the celebration birth of Jesus Christ.
One thing new to me, however, were lines of Chrismukkah cards! Excuse me! This might be intended by some well meaning souls to unite the two holidays but it just does not cut it with me.It diminishes the full intent and meaning of Christmas.
No matter how you cut it, it all stinks of "wannabe". Every last bit of it is a direct theft from another tradition but then, that is par for the course, is it not?
Please understand, I do not begrudge people of any sort celebrating their cultural holidays but it does seem to me that, for a holiday that is of very minimal importance in the Jewish religion, there is a great deal of “Christmas envy” being shown in these items. And some, of these items come from sites that serve all holidays but we already know the Christian versions so I only post the Hanukah ones. So here we go again folks….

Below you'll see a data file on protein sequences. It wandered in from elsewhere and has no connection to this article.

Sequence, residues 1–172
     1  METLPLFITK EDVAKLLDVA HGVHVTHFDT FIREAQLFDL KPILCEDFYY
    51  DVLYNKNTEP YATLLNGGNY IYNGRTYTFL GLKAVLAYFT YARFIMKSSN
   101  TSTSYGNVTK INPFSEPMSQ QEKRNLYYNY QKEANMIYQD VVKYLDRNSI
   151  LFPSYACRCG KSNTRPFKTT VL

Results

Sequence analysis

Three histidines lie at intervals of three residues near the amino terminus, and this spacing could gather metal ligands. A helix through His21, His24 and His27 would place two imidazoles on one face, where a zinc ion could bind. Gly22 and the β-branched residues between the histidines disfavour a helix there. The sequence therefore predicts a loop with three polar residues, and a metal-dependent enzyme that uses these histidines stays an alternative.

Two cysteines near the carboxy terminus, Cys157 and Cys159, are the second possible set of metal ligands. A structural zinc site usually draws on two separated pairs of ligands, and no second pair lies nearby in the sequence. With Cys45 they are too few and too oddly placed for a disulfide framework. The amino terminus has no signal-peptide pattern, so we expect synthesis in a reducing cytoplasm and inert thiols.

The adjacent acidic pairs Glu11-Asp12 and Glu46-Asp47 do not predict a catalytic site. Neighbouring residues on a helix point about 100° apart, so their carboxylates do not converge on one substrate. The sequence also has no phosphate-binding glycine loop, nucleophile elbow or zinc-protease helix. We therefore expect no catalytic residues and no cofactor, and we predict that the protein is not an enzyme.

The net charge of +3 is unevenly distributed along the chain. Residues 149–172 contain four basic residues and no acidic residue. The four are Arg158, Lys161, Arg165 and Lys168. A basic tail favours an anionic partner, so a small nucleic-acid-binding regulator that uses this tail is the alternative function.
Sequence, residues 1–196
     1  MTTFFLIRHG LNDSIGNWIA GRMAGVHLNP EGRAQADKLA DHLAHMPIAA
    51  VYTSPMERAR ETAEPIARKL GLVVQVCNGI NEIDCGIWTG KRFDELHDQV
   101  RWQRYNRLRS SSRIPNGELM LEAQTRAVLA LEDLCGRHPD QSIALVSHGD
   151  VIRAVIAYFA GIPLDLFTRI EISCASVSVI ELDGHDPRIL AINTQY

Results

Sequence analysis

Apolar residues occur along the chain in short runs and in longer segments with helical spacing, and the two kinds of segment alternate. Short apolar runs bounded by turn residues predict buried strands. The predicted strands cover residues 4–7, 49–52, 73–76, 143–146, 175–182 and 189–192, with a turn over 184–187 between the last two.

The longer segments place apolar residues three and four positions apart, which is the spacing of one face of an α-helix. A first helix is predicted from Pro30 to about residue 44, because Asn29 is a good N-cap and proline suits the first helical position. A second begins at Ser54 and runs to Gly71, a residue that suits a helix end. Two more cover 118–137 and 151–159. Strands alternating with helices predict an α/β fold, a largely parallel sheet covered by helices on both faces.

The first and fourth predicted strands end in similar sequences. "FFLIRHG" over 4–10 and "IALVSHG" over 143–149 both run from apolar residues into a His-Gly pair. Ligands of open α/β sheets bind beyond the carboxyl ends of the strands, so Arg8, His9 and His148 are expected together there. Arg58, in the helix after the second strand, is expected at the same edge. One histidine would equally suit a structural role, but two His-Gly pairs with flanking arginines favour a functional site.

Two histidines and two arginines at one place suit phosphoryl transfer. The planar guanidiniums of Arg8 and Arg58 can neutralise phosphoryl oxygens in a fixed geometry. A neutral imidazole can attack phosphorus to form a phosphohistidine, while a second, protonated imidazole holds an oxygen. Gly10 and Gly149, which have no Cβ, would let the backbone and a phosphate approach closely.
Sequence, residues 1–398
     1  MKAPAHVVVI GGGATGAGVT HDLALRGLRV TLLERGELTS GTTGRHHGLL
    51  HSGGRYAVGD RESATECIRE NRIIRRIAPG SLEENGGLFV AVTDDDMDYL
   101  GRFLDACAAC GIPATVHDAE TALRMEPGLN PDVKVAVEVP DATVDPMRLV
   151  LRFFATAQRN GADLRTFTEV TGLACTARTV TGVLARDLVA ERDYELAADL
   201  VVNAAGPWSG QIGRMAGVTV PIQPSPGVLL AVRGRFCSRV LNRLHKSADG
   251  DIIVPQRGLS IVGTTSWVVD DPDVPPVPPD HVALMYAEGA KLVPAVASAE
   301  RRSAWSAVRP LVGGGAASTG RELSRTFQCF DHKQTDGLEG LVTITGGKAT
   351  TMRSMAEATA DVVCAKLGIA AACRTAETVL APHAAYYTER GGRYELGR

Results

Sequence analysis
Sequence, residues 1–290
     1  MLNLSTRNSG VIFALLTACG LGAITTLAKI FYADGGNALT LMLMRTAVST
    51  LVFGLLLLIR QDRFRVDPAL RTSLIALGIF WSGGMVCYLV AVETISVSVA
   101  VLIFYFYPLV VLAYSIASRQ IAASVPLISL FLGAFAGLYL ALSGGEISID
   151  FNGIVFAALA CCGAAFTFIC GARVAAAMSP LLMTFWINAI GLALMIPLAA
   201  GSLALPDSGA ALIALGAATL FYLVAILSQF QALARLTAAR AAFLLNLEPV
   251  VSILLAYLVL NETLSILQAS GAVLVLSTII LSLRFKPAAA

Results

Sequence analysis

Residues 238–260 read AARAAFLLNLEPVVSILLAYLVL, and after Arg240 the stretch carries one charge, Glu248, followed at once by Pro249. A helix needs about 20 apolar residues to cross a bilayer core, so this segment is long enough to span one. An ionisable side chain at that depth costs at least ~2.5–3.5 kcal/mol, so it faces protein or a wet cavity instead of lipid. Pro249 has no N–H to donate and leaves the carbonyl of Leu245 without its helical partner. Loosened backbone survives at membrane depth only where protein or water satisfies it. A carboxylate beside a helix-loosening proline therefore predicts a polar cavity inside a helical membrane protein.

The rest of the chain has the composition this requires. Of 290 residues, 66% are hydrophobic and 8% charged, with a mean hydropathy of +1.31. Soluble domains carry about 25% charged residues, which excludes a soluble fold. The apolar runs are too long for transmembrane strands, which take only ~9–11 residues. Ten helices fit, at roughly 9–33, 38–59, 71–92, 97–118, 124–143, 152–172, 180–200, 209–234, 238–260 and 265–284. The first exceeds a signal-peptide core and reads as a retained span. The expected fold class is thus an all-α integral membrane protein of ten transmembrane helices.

I included bakewear and a few other items after some thought because these are also traditional Christmas family activities. I have NO PROBLEM with Jewish families and baking because these are such wonderful memories for the children and parents, however, I do not think baking sweets of this type, cookies and cupcakes, is not really traditionally Jewish for this time of the year.
Scratching my head at this combination!
This judaization of Christianity
appeals greatly to the Christian Zionists.
By Tom Piatak
Reposted December 2, 2010
Eight years ago, when the Pittsburgh Post-Gazette ran a slightly abridged version of my first essay on the War Against Christmas, the paper offered a fair description of my argument to its readers:
Is Hanukkah at all comparable to Kwanzaa, and is it a desire to compete with Christmas really an important force in its celebration?